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Introduction to Game Thinking (Fluxible 2018)

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Game thinking is a problem-solving process that uses strategies from game design and gamification to help drive the design of user experiences in digital or non-digital applications. Incorporating game thinking into the UX process can 1) foster users’ intrinsic and extrinsic motivations to engage with a product or system, and 2) engage users in a learning and mastery process, in which they develop the abilities needed to accomplish their goals throughout their user journey.

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Introduction to Game Thinking (Fluxible 2018)

  1. 1. Intro to Game Thinking Lennart Nacke, PhD, Chief Cheerleader MotiviUX,Inc.andUniversityof Waterloo #flUXible2018 @acagamic motiviux.com
  2. 2. Who am I? Gameful Designer, User Researcher, Associate Professor • Co-Founder of MotiviUX, Inc. • Director of the HCI Games Group at the University of Waterloo’s Games Institute • Associate Professor at the University of Waterloo www.motiviux.com
  3. 3. What is Gamification? An approach to systems design that uses game design elements to solve motivation and engagement problems. 15
  4. 4. Three Different Approaches to GameThinking 17 On today’s menu, we will discuss game thinking as 1.A thought model 2.A user journey 3.A design process
  5. 5. ThoughtModel Game Thinking as a Thought Model 18
  6. 6. GameThinking as aThought Model “The use of games and game-like approaches to solve problems and create better experiences.” – Andrzej Marczewski Game Thinking as an Umbrella Term • Playful/Gameful design • Serious games • Gamification • Simulation • Play/Games/Toys 19 Andrzej Marczewski. 2016. https://www.gamified.uk/gamification-framework/differences-between-gamification-and-games/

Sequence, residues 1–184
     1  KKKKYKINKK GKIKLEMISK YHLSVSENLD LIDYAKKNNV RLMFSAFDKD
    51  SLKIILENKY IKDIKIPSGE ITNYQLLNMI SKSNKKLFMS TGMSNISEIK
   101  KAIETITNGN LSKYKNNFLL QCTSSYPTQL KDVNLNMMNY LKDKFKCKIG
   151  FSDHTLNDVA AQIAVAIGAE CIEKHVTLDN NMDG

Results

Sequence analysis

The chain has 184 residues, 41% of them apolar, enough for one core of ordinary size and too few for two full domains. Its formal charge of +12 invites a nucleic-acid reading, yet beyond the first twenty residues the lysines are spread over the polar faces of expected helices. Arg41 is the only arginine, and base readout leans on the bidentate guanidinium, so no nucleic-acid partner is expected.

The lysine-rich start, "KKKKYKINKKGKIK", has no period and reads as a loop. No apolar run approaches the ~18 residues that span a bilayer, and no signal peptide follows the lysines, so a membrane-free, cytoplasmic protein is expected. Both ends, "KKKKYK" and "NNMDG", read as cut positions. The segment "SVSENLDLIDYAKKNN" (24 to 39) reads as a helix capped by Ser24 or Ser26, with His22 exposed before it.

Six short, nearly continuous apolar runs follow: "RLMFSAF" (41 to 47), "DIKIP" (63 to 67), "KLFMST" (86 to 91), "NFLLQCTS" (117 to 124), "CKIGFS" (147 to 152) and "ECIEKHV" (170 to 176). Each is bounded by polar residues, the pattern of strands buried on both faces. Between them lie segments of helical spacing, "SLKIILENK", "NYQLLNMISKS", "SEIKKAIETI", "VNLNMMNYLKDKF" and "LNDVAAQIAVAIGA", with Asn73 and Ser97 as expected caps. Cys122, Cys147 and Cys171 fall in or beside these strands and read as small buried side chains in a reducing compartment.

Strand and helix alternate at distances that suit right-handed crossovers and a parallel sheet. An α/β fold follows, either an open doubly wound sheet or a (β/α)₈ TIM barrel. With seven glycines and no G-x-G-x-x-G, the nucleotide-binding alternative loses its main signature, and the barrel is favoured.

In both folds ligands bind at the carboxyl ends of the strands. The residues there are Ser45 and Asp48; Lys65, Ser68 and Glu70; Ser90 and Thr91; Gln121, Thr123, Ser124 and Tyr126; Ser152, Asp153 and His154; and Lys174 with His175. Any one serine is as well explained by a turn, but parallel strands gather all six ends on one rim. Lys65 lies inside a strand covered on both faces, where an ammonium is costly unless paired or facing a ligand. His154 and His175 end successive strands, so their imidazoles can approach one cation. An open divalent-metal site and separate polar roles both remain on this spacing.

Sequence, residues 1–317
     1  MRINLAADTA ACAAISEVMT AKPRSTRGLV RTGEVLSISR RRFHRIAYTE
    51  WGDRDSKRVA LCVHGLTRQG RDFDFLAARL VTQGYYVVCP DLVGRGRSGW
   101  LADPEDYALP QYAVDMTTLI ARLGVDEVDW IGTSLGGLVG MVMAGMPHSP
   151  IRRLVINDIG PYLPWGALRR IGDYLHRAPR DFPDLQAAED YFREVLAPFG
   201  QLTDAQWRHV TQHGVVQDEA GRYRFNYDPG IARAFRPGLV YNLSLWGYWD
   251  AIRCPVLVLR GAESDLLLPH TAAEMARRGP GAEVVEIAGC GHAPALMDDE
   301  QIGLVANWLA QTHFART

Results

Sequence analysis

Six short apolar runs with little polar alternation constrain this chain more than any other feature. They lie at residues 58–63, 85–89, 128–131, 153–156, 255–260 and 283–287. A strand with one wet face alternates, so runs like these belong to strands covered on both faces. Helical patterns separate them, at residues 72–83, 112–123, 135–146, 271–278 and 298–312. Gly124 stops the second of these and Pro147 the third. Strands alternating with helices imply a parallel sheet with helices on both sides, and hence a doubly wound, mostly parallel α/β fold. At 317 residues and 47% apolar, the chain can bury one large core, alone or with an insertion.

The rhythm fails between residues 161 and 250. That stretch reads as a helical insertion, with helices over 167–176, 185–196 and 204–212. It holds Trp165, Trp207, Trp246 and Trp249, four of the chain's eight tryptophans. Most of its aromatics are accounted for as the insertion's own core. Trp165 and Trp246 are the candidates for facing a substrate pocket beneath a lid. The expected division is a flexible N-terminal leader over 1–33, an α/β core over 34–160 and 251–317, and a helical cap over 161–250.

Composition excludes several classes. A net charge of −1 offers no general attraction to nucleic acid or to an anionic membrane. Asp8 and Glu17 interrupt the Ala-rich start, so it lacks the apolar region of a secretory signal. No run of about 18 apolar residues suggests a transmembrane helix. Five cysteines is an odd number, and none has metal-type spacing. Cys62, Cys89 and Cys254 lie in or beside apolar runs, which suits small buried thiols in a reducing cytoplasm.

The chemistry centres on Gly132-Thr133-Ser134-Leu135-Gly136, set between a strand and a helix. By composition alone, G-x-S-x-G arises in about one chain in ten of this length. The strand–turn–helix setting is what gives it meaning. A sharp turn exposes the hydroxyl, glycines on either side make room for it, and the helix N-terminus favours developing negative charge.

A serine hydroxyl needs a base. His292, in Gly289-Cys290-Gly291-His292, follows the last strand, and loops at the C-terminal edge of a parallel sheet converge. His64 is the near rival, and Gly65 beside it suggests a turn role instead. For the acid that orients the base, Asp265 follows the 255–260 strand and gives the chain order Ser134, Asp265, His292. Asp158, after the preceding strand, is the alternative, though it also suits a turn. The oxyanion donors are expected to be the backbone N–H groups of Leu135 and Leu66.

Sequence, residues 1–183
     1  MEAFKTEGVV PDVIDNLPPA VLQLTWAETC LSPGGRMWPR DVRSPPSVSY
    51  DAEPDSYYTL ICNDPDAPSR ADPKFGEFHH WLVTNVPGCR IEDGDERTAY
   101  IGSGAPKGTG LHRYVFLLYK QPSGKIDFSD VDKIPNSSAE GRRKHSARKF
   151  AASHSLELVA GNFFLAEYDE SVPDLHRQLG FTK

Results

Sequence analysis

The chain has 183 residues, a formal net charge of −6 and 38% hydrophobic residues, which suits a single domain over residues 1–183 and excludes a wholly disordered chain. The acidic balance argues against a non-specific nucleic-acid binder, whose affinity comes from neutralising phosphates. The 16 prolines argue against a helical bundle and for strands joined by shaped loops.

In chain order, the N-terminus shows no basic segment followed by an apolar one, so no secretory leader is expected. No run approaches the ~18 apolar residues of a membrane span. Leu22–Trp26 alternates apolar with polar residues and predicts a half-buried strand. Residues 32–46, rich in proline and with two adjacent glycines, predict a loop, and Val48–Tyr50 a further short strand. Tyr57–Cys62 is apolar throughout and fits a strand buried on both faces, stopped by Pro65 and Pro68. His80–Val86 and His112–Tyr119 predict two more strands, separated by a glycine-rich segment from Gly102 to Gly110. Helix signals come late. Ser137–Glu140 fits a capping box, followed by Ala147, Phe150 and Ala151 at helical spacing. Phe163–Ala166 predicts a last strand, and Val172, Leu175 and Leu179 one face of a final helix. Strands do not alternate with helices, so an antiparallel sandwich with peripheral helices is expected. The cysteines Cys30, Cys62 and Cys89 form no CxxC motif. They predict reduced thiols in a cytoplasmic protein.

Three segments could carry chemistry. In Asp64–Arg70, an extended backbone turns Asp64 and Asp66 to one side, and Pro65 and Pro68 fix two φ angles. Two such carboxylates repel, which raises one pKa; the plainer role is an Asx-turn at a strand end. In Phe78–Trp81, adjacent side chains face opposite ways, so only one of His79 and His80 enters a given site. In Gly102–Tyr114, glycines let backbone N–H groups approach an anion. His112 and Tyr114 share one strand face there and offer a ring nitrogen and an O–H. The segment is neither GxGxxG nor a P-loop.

7. 7. GameThinking as an UmbrellaTerm Andrzej Marczewski. 2016. https://www.gamified.uk/gamification-framework/differences-between-gamification-and-games/
  8. 8. Game-inspired/Playful Design Inspired by games but without game elements 21
  9. 9. Serious Games 22 Games for non-entertainment purposes like teaching, promoting a meaningful message, or creating real- world outcomes
  10. 10. Gamification Intrinsic and extrinsic motivation with game elements 23
  11. 11. Simulation 24 A virtual representation of a real-world system (often for training purposes) without gameplay elements
  12. 12. Play/Games/Toys Playing is free-form, games have goals and rules, toys are the objects of play 25
  13. 13. UserJourney Game Thinking as a User Journey 26
  14. 14. Design for Skill-Building Your users needs and goals change over time. Know their journey and design with the journey in mind. 27Players Journey By Amy Jo Kim, see http://amyjokim.com/blog/2014/04/08/the-players-journey/ Your users learn your systems as a visitor first, then a newcomer, a regular, and finally they become experts or enthusiasts. Build a core learning loop first as a simple version of the regular user experience you are creating.